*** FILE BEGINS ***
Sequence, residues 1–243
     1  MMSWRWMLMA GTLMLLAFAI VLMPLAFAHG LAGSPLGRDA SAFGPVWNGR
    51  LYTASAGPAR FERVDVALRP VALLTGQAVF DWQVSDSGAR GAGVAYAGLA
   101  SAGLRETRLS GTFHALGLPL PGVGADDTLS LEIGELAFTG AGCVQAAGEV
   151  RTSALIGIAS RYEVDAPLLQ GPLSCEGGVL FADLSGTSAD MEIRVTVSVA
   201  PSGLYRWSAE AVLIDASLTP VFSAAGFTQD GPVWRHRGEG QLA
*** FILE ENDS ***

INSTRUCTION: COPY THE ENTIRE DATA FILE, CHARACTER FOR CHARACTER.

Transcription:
Sequence, residues 1–243
     1  MMSWRWMLMA GTLMLLAFAI VLMPLAFAHG LAGSPLGRDA SAFGPVWNGR
    51  LYTASAGPAR FERVDVALRP VALLTGQAVF DWQVSDSGAR GAGVAYAGLA
   101  SAGLRETRLS GTFHALGLPL PGVGADDTLS LEIGELAFTG AGCVQAAGEV
   151  RTSALIGIAS RYEVDAPLLQ GPLSCEGGVL FADLSGTSAD MEIRVTVSVA
   201  PSGLYRWSAE AVLIDASLTP VFSAAGFTQD GPVWRHRGEG QLA